We are 21 episodes into the sixth season of "The Curse Of Oak Island" and I have become convinced the Oak Island curse actually has something to do with the slow pace of the show. I understand that it takes time to find treasure and I'm even resigned to watching lots of episodes where nothing much new happens. But there have been episodes this season where the big reveal was along the lines of "they find an old nail." I'm not asking for television's answer to "Indiana Jones," but the only reason this season was expanded to a soul-sucking 22 episodes (the finale is next week) is that viewers are apparently eager to have the same facts recapped to them week after week.
On this week's episode, it's two weeks to go before the team is set to leave Oak Island for the winter and the activity at the Money Pit area remains at a standstill. A strike of local crane operators has stopped activity, which is an issue since the strike might last as long as 21 days and that would mean nothing else will happen before the winter weather shuts down operations. And the team has just started work at the borehole known as "Site 3," which they believe directly intersects with the original money pit.
While everyone waits for the strike to end, Rick Lagina and Craig Tester go to the Money Room to start a video conference call with Marty Lagina. They need to make some decisions about how to move forward and wisely use whatever time is left in the season. All three agree to concentrate on Smith's Cove and try and finish that excavation in the next two weeks. But Craig and Marty are leaning towards shutting down for the season after that, while Rick would like to work until the very last moment possible. But Marty does suggest that they should explore all their options, even if it involves taking another run at excavating the triangle-shaped swamp the team tackled in their early years on the island.
During those earlier excavations, the team found a Spanish pirate coin dating back to 1652, a large iron spike and a piece of deck planking. All of these discoveries dovetailed with the theory of Fred Nolan, a previous Oak Island treasure hunter and land owner. He believed the swamp had been artificially created so someone could sink a sailing ship and hide it from view. The team decides to do geoseismic testing of the swamp, similar to the work done earlier in the year in the Money Pit area.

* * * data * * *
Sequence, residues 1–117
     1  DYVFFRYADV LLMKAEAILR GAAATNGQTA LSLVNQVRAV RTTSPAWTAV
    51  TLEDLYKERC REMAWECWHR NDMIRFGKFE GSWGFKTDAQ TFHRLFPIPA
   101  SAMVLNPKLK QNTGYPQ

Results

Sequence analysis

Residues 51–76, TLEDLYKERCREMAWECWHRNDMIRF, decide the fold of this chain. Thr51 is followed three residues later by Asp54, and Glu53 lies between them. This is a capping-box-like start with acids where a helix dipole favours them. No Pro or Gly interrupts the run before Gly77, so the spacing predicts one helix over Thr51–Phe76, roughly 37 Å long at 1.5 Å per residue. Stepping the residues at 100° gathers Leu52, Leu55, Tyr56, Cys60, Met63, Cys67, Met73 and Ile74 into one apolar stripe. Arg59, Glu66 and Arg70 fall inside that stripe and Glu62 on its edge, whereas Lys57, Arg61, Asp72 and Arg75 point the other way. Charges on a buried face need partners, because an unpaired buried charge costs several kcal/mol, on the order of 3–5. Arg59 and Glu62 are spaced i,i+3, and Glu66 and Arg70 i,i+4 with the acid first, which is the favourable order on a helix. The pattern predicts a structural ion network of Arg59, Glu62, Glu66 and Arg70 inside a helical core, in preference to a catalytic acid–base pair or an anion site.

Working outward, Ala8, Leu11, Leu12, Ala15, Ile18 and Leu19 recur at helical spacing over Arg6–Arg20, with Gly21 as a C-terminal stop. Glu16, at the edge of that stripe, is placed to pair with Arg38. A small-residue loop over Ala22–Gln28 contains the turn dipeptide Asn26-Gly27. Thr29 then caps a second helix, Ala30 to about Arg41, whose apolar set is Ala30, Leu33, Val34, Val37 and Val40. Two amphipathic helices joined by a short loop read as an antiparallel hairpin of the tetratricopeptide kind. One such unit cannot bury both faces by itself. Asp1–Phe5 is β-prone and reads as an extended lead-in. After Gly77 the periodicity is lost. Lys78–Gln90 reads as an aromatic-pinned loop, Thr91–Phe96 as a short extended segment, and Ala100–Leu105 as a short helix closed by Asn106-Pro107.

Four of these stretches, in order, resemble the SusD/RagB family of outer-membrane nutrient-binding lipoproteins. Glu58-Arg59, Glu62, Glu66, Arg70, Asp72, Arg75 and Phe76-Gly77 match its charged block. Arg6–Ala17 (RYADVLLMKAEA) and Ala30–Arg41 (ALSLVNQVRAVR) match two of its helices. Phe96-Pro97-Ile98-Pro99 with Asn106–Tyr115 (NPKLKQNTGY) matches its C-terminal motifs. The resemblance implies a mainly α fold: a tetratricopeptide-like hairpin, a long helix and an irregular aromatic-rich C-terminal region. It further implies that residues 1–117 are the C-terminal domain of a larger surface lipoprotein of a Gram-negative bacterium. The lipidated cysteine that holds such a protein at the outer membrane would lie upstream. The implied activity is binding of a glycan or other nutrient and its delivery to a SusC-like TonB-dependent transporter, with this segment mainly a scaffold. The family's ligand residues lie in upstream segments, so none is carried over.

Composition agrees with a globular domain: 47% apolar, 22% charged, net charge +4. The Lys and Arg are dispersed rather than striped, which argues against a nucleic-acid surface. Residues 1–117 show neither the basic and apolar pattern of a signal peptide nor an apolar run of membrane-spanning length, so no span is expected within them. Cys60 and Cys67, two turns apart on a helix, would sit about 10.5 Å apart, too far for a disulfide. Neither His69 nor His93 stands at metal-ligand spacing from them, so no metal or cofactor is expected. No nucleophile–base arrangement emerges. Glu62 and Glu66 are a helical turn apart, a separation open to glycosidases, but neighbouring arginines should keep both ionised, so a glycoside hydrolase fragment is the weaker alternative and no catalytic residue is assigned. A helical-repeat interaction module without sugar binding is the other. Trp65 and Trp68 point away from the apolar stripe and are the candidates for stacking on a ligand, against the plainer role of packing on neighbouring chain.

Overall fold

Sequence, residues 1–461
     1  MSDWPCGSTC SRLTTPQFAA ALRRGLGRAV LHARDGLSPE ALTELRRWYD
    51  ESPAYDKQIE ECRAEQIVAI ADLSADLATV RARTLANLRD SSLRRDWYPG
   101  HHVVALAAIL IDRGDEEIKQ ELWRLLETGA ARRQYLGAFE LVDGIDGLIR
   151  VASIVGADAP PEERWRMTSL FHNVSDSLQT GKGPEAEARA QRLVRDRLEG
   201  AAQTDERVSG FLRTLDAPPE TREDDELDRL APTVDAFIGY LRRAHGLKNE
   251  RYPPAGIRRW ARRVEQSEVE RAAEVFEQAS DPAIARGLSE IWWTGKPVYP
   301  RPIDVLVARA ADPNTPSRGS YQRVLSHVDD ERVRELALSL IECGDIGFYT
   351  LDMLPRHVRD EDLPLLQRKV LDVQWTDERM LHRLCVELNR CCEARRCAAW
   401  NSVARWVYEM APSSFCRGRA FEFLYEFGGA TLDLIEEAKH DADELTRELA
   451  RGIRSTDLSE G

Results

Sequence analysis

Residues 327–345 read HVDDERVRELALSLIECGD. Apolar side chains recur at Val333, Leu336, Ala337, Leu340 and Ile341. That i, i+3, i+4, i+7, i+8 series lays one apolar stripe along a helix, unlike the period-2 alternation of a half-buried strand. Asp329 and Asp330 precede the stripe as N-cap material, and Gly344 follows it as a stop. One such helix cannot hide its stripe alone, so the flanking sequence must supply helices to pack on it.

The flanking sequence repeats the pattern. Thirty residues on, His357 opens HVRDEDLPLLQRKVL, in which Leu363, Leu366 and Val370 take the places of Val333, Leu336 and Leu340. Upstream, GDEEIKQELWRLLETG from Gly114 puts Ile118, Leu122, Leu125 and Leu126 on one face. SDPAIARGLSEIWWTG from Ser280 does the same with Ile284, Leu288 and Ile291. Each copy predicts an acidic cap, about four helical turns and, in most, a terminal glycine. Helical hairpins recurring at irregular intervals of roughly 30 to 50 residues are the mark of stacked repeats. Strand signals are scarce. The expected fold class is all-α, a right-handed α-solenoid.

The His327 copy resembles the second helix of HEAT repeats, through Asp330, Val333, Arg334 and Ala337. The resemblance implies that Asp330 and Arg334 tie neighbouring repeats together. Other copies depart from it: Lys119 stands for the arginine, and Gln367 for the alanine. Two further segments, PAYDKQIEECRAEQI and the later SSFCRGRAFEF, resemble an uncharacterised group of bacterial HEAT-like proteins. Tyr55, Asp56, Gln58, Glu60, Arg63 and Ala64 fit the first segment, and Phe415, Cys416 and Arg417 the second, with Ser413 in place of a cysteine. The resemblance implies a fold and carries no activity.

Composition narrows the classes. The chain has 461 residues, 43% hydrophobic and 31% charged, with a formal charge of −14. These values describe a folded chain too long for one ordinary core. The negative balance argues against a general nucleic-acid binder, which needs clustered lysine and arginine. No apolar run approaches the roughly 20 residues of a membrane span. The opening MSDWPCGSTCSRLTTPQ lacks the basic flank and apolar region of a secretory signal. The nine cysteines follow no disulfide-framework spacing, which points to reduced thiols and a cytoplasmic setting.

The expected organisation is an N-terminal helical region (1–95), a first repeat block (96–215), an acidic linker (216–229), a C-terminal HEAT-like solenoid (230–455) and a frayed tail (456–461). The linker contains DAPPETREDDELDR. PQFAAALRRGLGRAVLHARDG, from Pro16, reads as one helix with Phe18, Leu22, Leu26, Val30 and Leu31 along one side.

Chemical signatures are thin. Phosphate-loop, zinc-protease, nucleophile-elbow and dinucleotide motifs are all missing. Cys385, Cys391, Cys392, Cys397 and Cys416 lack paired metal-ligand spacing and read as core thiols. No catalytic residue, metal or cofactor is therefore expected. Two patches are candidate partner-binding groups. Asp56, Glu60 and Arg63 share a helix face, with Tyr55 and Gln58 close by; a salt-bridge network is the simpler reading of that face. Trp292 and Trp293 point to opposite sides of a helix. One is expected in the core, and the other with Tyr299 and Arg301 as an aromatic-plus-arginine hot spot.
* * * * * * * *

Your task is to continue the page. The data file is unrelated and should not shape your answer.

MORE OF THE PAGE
Rick Lagina then traveled to Smith's Cove to examine work being done there by other members of the team. Three weeks ago, work had begin to excavate the beach where a pad had been built for the crane that has built the cofferdam around the cove. There was some indications that the area might be the location of the mysterious stone box drains, which are rumored to funnel sea water into the Money Pit area as a way to protect it from fortune hunters. Suddenly, the team uncovers yet another mysterious buried wall, along with some sort of wooden plank system. It's another structure in Smith's Cove that no one can identify.
While work continues at Smith's Cove, Rick Lagina, Craig Tester and other members of the Oak Island team meet at the War Room to hear yet another theory about how they might be able to find the treasure rumored to be buried there. Oak Island has a Kennedy-assassination-level number of theorists and viewers have been introduced to a number of them. Chris Donah had contacted Rick Lagina about research he had been doing about the island's mysterious triangle-shaped swamp. He spins out his theory to the team which attempts to connect several constellations, parts of the Zodiac and even the Free Masons to Oak Island. Like all of these theories, Donah's sounds pretty ludicrous. But it does kill some screen time. He claims there may be a back door to the original Money Pit in the Eastern corner of the swamp. And for what it's worth, five years ago the team did discover a large, mysterious flat rock buried in the swamp in that exact area.